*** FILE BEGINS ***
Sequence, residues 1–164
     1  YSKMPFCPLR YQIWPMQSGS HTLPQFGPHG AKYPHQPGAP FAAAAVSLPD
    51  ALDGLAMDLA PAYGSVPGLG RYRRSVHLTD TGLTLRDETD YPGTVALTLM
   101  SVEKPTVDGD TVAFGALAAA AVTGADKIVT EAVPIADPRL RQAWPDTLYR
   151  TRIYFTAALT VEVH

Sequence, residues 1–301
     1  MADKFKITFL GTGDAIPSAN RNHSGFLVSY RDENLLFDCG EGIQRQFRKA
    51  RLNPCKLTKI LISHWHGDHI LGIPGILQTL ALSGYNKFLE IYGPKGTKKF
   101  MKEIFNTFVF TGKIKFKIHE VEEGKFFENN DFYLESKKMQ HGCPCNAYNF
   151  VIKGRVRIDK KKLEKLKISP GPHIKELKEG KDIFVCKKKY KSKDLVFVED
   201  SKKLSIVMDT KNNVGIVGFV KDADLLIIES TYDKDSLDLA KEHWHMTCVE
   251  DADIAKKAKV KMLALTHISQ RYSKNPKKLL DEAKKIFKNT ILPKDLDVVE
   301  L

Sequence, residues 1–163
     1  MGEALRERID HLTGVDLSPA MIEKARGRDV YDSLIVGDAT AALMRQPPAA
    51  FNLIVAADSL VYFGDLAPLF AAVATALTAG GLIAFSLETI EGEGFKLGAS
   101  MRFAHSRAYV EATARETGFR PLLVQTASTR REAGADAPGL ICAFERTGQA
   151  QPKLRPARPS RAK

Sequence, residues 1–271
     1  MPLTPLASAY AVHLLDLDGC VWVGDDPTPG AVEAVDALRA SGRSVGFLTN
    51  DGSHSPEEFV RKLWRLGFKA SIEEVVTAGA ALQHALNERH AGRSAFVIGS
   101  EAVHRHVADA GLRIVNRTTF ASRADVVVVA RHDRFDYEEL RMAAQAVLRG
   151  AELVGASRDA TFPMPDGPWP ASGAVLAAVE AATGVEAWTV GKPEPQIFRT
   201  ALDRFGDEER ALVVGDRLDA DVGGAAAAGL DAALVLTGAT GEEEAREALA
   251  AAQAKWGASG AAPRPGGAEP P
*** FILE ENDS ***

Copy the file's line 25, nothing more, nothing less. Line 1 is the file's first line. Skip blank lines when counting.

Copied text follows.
   251  AAQAKWGASG AAPRPGGAEP P